This month is all about sharing our stories, contributing to very our own 'museum of motherhood'. So here's a new exhibit for mine:
I’ve made a short film about my children sleeping. About trying to hold on to those magical night-time moments spent looking down on them, so still. Seeing their perfect potential, and knowing that with every quiet breath, I am watching them walking away from me.
For almost a year, my friend Sam has been filming herself for ten minutes every day in the same place at the same time in remote Knoydart, Scotland. Her project, Stay The Same, is nearly at an end. Many months ago, she asked friends to join her exploration. This film is my small contribution. I’m quite nervous about sharing it, as I am not confident of its value to anyone but me. But I’m sure Sam will appreciate the effort…
While Sam is choosing to stand still, my life seems to be racing by, each moment charted in my children’s rapid development.
My children’s only moments of stillness come with sleep. Those are the quiet moments in our days together, when the love I have for them swells into me with every breath.
In response to Sam’s question, seven months ago, on 3 November 2011, I started to take a photo of each child as they slept. Before I stroked their hair out of their eyes. Before I tucked them back under their covers. Before I kissed their delicious cheeks. Before my daughter snuffled against me for her dream-feed. Before I whispered how much I love them. I took a photo.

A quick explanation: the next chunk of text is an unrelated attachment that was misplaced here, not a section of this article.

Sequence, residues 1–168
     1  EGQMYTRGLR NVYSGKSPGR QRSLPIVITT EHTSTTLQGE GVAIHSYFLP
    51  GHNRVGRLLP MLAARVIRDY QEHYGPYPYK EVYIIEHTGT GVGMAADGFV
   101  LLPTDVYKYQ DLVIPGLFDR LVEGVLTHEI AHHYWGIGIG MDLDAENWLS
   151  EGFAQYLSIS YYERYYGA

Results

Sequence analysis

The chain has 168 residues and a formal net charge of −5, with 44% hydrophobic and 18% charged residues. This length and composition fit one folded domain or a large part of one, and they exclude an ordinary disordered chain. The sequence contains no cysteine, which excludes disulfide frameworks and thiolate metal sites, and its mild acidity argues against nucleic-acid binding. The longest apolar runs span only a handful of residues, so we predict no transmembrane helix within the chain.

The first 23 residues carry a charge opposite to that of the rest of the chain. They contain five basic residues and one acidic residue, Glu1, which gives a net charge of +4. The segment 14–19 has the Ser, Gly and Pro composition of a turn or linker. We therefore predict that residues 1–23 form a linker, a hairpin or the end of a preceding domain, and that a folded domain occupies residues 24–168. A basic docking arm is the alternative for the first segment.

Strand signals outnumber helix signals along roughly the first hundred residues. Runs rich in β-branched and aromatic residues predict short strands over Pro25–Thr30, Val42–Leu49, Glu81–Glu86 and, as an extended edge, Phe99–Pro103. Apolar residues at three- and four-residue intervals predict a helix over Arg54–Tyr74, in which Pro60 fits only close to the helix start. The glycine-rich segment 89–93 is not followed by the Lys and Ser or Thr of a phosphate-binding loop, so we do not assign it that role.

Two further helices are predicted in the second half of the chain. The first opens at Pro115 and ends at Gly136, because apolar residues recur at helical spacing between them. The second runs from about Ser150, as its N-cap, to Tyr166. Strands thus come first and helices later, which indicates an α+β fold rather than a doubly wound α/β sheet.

The photos were strange. Harsh light flooding a dark quiet moment, rendering it in a way it never was. They stripped the mystery from the room. And yet they caught the beauty of my children’s peace. Their faces a blank canvas for my hopes. A moment of sleeping growth, frozen for the afterwards.
I wrote this at the start of the process, and it still rings very true for me:
“As we watch them sleep, it feels as if we can hold them suspended in time, and they will never leave us. Yet here, as they are most still, they are also the most in motion, growing, changing, and taking yet another step away from us. When they sleep, under our roof, wrapped in our covers, kissed by our lips, it feels like they are ours. Yet the bitter beauty of the night is that we know that they are not ours to keep, they are our gift to the world.”
I have finished this little film for now, but I cannot bring myself to stop taking my photographs.
I would love to know what you think of it.
And if you'd like to share a story of a moment in motherhood, big or tiny, that has meant something to you, we would love to read it. Join in here.